Last Monday, drivers could observed thick smoke and small particles coming out from Pasadena Refining in the 1100 block of Red Bluff. A shelter was in place but has been lifted since then.

Last Monday, drivers could observed thick smoke and small particles coming out from Pasadena Refining in the 1100 block of Red Bluff. A shelter was in place but has been lifted since then.

GALENA PARK – Authorities issued a shelter in place last Monday afternoon, July 25, in Galena Park due to a sulfur dioxide release at the Pasadena Refining refinery. According to reports, the plant located in the 1100 block of Red Bluff suffered a power outage when a tree fell on an office when storms hit the area.

The Houston Ship Channel was shut down from KinderMorgan ship dock 4 to the Magellan Turn Basin. The Washburn Tunnel was also closed temporary.

Thick smoke and small particles could be seen in the air around the ship channel. However, no injuries were reported.

Large crowds at Waste Pits meetings discuss well water

OVER 150 residents who live near the San Jacinto Superfund Waste Pits, packed the Highlands/San Jacinto Community Center last Tuesday night, to hear an update on facts about the Waste Pits, and to get more information on the testing of their well water by the Harris County Polution Control department. Jackie Young, at right, speaks.

OVER 150 residents who live near the San Jacinto Superfund Waste Pits, packed the Highlands/San Jacinto Community Center last Tuesday night, to hear an update on facts about the Waste Pits, and to get more information on the testing of their well water by the Harris County Pollution Control department. Jackie Young, at right, speaks.

EAST HARRIS COUNTY – Jackie Young, president of the new organization THEA and the San Jacinto River Coalition, held two meetings to update the public on the status of work on the Superfund Waste Pits.

Last Thursday she met with interested parties at the J. D. Walker Community Center in McNair, and this week on Tuesday night she met with the public at the Highlands/ San Jacinto Community Center. Each meeting had about 150 attendees, with only a few at both.

Young said that attendees were evenly divided from affected neighborhoods around the Waste Pits, including Channelview, Lynchburg, Highlands, McNair, and Baytown.

Young spent a lot of time on technical and chemical information, explaining to the interested crowd how Harris County tests had discovered possible contamination, even dioxin, in the well water samples it drew in June. She said that Harris County Polution Control had sampled and tested 100 wells. Of these, 28 had shown to be contaminated, and the well owners had received letters from HCPC telling them “Don’t Drink the Water” until retesting had been completed. Young explained that she understands when the samples were tested, other samples were open nearby, and may have compromised the well water samples.

Harris County is using money from the lawsuit settlement to pay for the testing. Each test, if searched for all contaminants, costs $2,000 and therefore the whole testing program cost $200,000. This was paid for out of the $10 million dollars that the county received from the lawsuit. Precinct 2 has said that all the money will be spent on environmental projects within 5 miles of the Waste Pit site. They have not currently decided how the rest of the money will be spent, but there is under study a proposal to provide water and sewer lines in some of the affected areas.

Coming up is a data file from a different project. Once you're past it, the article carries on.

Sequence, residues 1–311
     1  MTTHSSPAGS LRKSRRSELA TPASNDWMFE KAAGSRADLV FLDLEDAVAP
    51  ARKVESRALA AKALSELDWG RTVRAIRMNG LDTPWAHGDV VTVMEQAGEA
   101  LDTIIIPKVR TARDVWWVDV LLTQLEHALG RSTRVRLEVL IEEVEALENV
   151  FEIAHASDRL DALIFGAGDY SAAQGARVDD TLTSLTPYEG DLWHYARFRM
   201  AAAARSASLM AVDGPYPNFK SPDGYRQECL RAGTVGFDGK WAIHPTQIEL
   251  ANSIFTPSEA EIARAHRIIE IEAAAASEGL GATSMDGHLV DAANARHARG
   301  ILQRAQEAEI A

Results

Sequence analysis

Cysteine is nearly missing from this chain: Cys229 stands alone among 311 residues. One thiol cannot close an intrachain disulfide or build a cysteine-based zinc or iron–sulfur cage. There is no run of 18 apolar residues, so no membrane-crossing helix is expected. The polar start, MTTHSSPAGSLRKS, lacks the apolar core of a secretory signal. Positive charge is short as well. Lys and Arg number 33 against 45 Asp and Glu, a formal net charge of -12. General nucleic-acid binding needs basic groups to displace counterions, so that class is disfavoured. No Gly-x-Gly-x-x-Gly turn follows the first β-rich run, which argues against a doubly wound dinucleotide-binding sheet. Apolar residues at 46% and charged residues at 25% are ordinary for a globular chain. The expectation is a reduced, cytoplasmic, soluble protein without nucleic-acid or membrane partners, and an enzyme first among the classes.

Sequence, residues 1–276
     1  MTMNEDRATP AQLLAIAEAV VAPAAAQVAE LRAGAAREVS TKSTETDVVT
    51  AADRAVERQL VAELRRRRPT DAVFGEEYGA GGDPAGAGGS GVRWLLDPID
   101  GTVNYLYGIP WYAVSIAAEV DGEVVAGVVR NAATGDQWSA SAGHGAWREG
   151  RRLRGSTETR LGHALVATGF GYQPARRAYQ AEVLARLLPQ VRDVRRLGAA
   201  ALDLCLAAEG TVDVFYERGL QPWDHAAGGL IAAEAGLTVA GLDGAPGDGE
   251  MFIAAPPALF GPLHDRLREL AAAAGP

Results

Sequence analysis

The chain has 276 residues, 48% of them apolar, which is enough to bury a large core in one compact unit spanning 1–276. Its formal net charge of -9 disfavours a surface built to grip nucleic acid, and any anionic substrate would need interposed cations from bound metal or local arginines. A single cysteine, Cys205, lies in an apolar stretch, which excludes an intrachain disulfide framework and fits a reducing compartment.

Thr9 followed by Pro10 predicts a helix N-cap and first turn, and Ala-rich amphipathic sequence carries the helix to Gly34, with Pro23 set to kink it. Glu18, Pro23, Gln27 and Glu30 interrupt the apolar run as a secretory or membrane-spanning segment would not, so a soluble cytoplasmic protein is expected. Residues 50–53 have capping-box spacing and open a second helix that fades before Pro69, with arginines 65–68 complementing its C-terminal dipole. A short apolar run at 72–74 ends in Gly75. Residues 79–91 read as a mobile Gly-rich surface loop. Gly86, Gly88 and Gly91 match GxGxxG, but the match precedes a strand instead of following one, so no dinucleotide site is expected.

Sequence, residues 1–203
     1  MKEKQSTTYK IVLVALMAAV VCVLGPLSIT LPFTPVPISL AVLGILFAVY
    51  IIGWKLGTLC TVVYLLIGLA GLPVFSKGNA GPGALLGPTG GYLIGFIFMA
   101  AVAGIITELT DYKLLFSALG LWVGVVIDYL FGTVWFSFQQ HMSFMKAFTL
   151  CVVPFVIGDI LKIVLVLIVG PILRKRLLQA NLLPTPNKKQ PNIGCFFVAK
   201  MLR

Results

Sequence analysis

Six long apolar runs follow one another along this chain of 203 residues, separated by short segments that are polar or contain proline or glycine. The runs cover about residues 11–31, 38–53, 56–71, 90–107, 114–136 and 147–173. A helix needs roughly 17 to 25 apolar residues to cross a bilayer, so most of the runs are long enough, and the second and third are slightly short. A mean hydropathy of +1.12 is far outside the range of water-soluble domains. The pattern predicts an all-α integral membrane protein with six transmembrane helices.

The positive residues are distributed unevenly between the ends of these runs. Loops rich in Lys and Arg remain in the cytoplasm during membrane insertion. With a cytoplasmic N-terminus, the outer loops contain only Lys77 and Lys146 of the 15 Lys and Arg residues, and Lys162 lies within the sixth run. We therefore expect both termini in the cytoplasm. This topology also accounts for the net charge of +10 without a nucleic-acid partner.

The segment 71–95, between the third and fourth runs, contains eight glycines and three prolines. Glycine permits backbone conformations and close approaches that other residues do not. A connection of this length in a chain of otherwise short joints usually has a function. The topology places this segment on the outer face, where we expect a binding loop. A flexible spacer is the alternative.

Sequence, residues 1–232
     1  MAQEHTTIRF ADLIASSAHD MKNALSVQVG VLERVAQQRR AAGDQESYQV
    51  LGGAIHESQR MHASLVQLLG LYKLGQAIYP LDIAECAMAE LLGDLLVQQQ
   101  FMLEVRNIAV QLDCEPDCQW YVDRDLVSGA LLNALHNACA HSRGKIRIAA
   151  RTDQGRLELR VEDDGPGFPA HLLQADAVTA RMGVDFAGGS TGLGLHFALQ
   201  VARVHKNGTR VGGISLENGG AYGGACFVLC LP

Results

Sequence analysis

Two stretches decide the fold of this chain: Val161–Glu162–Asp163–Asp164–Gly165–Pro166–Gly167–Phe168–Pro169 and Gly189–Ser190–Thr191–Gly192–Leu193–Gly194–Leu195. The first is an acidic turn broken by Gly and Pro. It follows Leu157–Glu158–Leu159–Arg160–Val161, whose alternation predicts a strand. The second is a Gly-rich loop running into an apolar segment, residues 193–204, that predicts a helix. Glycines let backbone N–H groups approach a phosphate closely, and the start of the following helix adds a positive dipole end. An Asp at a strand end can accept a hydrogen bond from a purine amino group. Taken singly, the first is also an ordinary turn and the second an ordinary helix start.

Young explained that even though the lawsuit awarded $29.2 million to the plaintiffs, including the county, this money cannot be used for individual relief from health problems or well water contamination. These situations must be settled in private lawsuits against the responsible parties, she said.

Read more »

Rep. Green calls for Cleanup of the Waste Pits

REP. GENE GREEN SPEAKS on the floor of the House of Representatives, urging Congressional action on the ZIKA virus, and the removal of the Waste Pits from the San Jacinto River.

REP. GENE GREEN SPEAKS on the floor of the House of Representatives, urging Congressional action on the ZIKA virus, and the removal of the Waste Pits from the San Jacinto River.

WASHINGTON – Congressman Gene Green continues to press the government for action on environmental issues, including the removal of the Waste Pits from the San Jacinto River, and funding to eliminate the Zika virus.

In a letter to EPA chair of the National Remedy Review Board, who will eventually rule on the method of remediating the Waste Pits, Green urged complete removal of the dioxin waste.

“These waste pits continue to be a public health threat, particularly for communities in Harris County and along the River. Residents have been advised not to drink water or eat seafood that may have come from the area because dioxin can do serious damage to a person’s immune system, and can also cause cancer and reproductive and developmental problems,” Green said. “This is no way to live. We need to take the strongest measure available to clean up the site.”